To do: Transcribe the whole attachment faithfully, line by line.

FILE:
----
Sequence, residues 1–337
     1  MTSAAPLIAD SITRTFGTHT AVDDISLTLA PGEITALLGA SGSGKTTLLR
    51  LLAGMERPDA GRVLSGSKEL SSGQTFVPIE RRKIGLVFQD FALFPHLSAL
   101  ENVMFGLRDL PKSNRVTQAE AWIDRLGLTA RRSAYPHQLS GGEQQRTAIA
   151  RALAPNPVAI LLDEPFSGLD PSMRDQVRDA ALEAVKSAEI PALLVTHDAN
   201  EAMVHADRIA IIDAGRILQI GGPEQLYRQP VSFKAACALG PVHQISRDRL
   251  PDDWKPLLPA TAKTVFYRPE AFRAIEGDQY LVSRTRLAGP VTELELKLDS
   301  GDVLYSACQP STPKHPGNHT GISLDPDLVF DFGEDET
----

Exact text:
Sequence, residues 1–337
     1  MTSAAPLIAD SITRTFGTHT AVDDISLTLA PGEITALLGA SGSGKTTLLR
    51  LLAGMERPDA GRVLSGSKEL SSGQTFVPIE RRKIGLVFQD FALFPHLSAL
   101  ENVMFGLRDL PKSNRVTQAE AWIDRLGLTA RRSAYPHQLS GGEQQRTAIA
   151  RALAPNPVAI LLDEPFSGLD PSMRDQVRDA ALEAVKSAEI PALLVTHDAN
   201  EAMVHADRIA IIDAGRILQI GGPEQLYRQP VSFKAACALG PVHQISRDRL
   251  PDDWKPLLPA TAKTVFYRPE AFRAIEGDQY LVSRTRLAGP VTELELKLDS
   301  GDVLYSACQP STPKHPGNHT GISLDPDLVF DFGEDET